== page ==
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Mr. Hogg: Of course, what my right hon. and learned Friend says on this matter and on all matters should be listened to with great respect. He is right for a number of reasons, one of which I think that he would emphasise: confidence in the criminal system depends, at least in part, on a response by those administering sentences to the public sense of what is right and wrong. One must concede that, oddly enough, politicians are rather better at sensing that than are judges.

I suspect that at the back of my right hon. and learned Friend's mind is a fear that the tariffs to be set by the trial judge might be somewhat on the low side. I share that anxiety, but in the end my conclusion is that it is important that the trial judge sets the tariff. However, it is a difference of degree. We have so much in common, that I am sorry not to agree with my right hon. and learned Friend on this narrow point.

Sir Nicholas Lyell: I am grateful to my right hon. and learned Friend. I do not disagree with him about the judge setting the tariff, providing that it is a minimum. What is important is that the overview of life sentences for the most serious offence should remain with the Government of the day, answerable democratically to the people of the country.

Mr. Hogg: We are very close, my right hon. and learned Friend and I, on the matter. I think that I do not agree with him, but it is a matter on which two friends may disagree without any acrimony, so I hope that he will forgive me if I do not entirely accept what he said.

I shall make two final points. The first is about the nature of imprisonment. It is extremely important that the House should go on saying that the deprivation of liberty is the penalty. I say that because, like all constituency Members, I am often approached by people who want conditions in prison to be harsh. I do not. I want conditions to be sparse and rigorous, but I do not want to dishonour people.

The punishment lies in the deprivation of liberty, and one should not humiliate people unnecessarily. There are good pragmatic reasons for that. The first is that, if one dehumanises people, which comes from unnecessary humiliation, one yet further alienates them from the mores of society, to which they must ultimately return. Leaving aside reasons of humanity, I am pragmatically very much against that.

Secondly and differently--this goes back to a point that I made at the beginning of my speech--if one dehumanises people, one removes the inhibitions that others have about ill-treating them. If one coops them up in extremely unsanitary conditions and generally treats them as animals, one should not be at all surprised if the prison officers misbehave towards them. For those two pragmatic reasons, I am not in favour of unnecessarily humiliating prisoners.

That takes me to the next point, which was touched on by my right hon. Friend the Member for Maidstone and The Weald, who spoke eloquently on the same point at the Conservative conference two years ago, I think--the need to make prison as purposeful as possible. One of the

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things that struck me forcibly when I was prisons Minister and when I have gone round the prison in my constituency, Morton Hall, is the degree to which prisoners lack basic skills and social skills.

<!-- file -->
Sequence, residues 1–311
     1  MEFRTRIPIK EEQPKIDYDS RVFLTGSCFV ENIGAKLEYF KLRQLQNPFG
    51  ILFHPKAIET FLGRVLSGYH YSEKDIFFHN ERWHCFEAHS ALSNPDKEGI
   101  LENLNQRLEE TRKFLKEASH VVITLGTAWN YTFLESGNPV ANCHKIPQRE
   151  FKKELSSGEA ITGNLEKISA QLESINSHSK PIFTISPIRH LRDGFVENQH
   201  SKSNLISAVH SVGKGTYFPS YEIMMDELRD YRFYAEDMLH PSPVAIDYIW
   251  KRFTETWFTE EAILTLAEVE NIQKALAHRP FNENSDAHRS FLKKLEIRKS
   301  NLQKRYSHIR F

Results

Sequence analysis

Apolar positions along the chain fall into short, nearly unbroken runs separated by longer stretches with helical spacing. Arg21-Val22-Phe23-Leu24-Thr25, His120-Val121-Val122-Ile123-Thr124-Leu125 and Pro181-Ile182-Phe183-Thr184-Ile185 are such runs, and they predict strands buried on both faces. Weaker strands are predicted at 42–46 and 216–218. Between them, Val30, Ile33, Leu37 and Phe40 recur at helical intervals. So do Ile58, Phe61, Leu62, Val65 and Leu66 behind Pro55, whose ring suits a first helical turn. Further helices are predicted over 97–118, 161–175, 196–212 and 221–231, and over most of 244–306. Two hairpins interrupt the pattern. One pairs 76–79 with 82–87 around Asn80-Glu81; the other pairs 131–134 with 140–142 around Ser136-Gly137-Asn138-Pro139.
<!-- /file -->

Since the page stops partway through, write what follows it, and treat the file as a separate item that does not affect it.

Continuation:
For an enormous number of prisoners, numeracy and literacy have no meaning at all. I am very much in favour of pursuing vigorous educational programmes to the extent possible in prisons, and related to that, taking every opportunity to give prisoners skills relevant to their employment prospects in the future. That, too, needs to be done in prisons to the maximum possible extent.

An overlapping but equally important point is that efforts should be made to get prisoners out of their cells, for association, yes, but for work as well, within the prison and sometimes--at Morton Hall it is possible--work outside the walls of the prison. Their time should be occupied in a fulfilling and purposeful way. It contributes a little to rehabilitation--I am not one of the great optimists about the prison system, but it makes a contribution.

My final point goes to the status of the inspector of prisons. During the greater part of the time when I was prisons Minister, the inspector of prisons was Judge Tumim, who was a highly distinguished inspector of prisons. I have a high regard also for the present inspector, Sir David Ramsbotham. The status of the inspectorate of prisons is important, and I do not want it to be in any way downgraded or its authority or status diluted.

The truth is--this goes back to a point that I made earlier--that there is too little external insight into the way in which prisons are run. We are greatly indebted to the boards of visitors. I used to read the report of the board of visitors in respect of every prison when I received it. The boards of visitors are valuable and have an important role to play, but it is not a sufficient role, partly because they spend a considerable time working with a particular prison, which means that their experience and judgment is focused on that prison and does not necessarily have the wider perspective that I would wish.

I know perfectly well that reports from the inspector of prisons can be extremely embarrassing to the prisons Minister. I must have had 20 reports while I was prisons Minister, and from time to time I was, indeed, embarrassed by what Judge Tumim stated. We were called upon to answer his criticisms. I would say to the Minister of State, Home Office, the right hon. Member for Brent, South (Mr. Boateng), that, although it is tiresome and one may be embarrassed at the time, for goodness sake, take a broad view.